Jump to content


 


Register a free account to unlock additional features at BleepingComputer.com
Welcome to BleepingComputer, a free community where people like yourself come together to discuss and learn how to use their computers. Using the site is easy and fun. As a guest, you can browse and view the various discussions in the forums, but can not create a new topic or reply to an existing one unless you are logged in. Other benefits of registering an account are subscribing to topics and forums, creating a blog, and having no ads shown anywhere on the site.


Click here to Register a free account now! or read our Welcome Guide to learn how to use this site.

Photo

windows 10 alternative


  • Please log in to reply
27 replies to this topic

#1 reton1

reton1

  • Members
  • 18 posts
  • OFFLINE
  •  
  • Local time:03:00 PM

Posted 25 December 2015 - 03:33 AM

i am looking for a windows 10 alternative i have heard of linux it looks good but i heard there are things that linux cant do that windows can like game does this apply to all versions of linux



BC AdBot (Login to Remove)

 


#2 Sintharius

Sintharius

    Bleepin' Sniper


  • Members
  • 5,639 posts
  • OFFLINE
  •  
  • Gender:Female
  • Location:The Netherlands
  • Local time:10:00 PM

Posted 25 December 2015 - 04:14 AM

A lot of Steam games do not yet have Linux versions for example. If you happen to play a majority of those, you will be stuck with Windows.

Otherwise Linux is a pretty good alternative to Windows in general, if you are willing to go the learning curve.

#3 jargos

jargos

  • Members
  • 664 posts
  • OFFLINE
  •  
  • Gender:Male
  • Location:Sydney Australia
  • Local time:07:00 AM

Posted 25 December 2015 - 04:18 AM

Hi reton1 and welcome.

 

I was a Windows user all my life. With the advent of W10 I switched to Linux Mint 17.2 and absolutely love it.

 

There is not one thing there that I cannot do - in fact, I do it all so much better with Linux.

 

However, I cannot speak about gaming - I haven't got a clue there, as I never game on computers.

 

I have catalogued my experiences in the following thread. The first few pages will give you the idea.

 

http://www.bleepingcomputer.com/forums/t/591975/my-linux-experience/


Linux Mint 17.2 Cinnamon on older, Pentium 4 desktop.

Win 7 on Medion Akoya i3 laptop


#4 reton1

reton1
  • Topic Starter

  • Members
  • 18 posts
  • OFFLINE
  •  
  • Local time:03:00 PM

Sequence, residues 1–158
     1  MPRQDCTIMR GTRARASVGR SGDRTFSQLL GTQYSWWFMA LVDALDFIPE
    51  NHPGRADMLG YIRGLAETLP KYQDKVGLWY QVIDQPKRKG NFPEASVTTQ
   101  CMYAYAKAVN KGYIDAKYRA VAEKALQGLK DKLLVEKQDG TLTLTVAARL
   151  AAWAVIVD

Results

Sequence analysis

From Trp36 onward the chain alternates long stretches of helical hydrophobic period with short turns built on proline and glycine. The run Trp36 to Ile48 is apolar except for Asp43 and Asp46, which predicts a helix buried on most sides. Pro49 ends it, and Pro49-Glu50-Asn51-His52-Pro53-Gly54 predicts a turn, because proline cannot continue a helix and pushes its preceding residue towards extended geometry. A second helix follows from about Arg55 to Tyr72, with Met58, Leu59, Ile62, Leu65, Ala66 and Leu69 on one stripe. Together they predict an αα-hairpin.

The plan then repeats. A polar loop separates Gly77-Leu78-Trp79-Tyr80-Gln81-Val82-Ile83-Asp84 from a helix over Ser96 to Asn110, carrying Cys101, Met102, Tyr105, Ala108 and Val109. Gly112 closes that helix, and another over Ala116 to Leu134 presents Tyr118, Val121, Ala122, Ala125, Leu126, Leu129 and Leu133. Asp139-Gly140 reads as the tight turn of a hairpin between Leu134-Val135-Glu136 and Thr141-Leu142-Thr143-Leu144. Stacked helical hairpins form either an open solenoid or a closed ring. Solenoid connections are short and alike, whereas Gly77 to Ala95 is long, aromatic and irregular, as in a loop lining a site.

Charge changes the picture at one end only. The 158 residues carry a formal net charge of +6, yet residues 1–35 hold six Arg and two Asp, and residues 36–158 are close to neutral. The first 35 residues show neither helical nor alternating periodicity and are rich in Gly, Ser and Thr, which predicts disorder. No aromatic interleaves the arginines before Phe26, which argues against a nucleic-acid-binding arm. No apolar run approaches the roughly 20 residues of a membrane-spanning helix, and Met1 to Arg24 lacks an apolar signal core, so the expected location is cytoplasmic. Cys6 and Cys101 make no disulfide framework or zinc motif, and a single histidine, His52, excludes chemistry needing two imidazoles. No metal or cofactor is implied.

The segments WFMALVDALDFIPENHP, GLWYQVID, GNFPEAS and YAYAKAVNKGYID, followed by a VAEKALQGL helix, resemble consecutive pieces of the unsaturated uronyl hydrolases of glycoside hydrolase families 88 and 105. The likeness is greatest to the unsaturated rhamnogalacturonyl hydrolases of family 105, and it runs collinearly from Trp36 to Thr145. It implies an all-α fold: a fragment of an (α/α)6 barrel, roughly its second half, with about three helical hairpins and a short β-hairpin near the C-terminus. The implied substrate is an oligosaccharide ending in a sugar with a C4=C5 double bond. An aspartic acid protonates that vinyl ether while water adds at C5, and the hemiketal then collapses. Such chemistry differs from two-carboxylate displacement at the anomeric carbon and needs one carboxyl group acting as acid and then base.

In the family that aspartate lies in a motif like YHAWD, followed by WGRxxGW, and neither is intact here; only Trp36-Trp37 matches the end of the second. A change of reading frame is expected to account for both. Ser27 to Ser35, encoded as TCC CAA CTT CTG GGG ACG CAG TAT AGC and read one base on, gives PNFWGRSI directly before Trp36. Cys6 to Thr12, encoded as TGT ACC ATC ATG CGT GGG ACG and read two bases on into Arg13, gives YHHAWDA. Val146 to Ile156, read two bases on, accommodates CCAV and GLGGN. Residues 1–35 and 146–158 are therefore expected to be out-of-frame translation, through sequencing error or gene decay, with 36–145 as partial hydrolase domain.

Posted 25 December 2015 - 05:41 AM

it looks good but i am looking for a operating system that can do gaming



#5 Platypus

Platypus

  • Moderator
  • 14,414 posts
  • OFFLINE
  •  
  • Gender:Male
  • Location:Australia
  • Local time:07:00 AM

Posted 25 December 2015 - 07:12 AM

You need to use whatever operating system the games you want to play are written for.

Top 5 things that never get done:

1.


#6 Skov

Skov

  • Members
  • 13 posts
  • OFFLINE
  •  
  • Gender:Male
  • Location:Florida
  • Local time:04:00 PM

Posted 25 December 2015 - 09:43 AM

Windows is still the go to for gaming, however you can dual boot linux if you want to try something else



#7 jargos

jargos

  • Members
  • 664 posts
  • OFFLINE
  •  
  • Gender:Male
  • Location:Sydney Australia
  • Local time:07:00 AM

Posted 26 December 2015 - 12:33 AM

it looks good but i am looking for a operating system that can do gaming

OK, well, as I said, I know nothing about gaming - on any OS.

You could try asking the folk in the Linux forum about it.


Linux Mint 17.2 Cinnamon on older, Pentium 4 desktop.

Win 7 on Medion Akoya i3 laptop


#8 Aura

Aura

    Bleepin' Special Ops


  • Malware Response Team
  • 19,629 posts
  • OFFLINE
  •  
  • Gender:Male
  • Local time:05:00 PM

Posted 26 December 2015 - 12:51 AM

Is there a reason as to why you are looking for a Windows 10 alternative? Also you don't have "a lot of choice". It's either Windows, OS X (you need to buy a copy of it and if you want to install it on a computer that isn't a Mac, you need to make sure your hardware is compatible), and if you don't like Linux, BSD, etc. distros because you cannot do a lot of gaming on them, then you're pretty much short on luck sadly.

unite_blue.png
Security Administrator | Sysnative Windows Update Senior Analyst | Malware Hunter | @SecurityAura
My timezone UTC-05:00 (East. Coast). If I didn't reply to you within 48 hours, please send me a PM.


#9 rp88

rp88

  • Members
  • 2,998 posts
  • OFFLINE
  •  
  • Gender:Not Telling
  • Local time:09:00 PM

Posted 26 December 2015 - 01:00 PM

There are plenty of operating systems you could choose instead of windows 10, which ones are relevant depends on your current situation but they can be listed as follows:

Windows 7, a popular windows OS, very capable and still supported for some years to come, if you have this curently you can keep using it (you might want to do a few things to stop the GWX prompts appearing though), if you are looking for a new system then some come with it preinstalled but these are pretty rare now, you would have to go for a system with a more recent OS or no OS at all then buy a windows 7 installation disc separately then use this to install windows 7.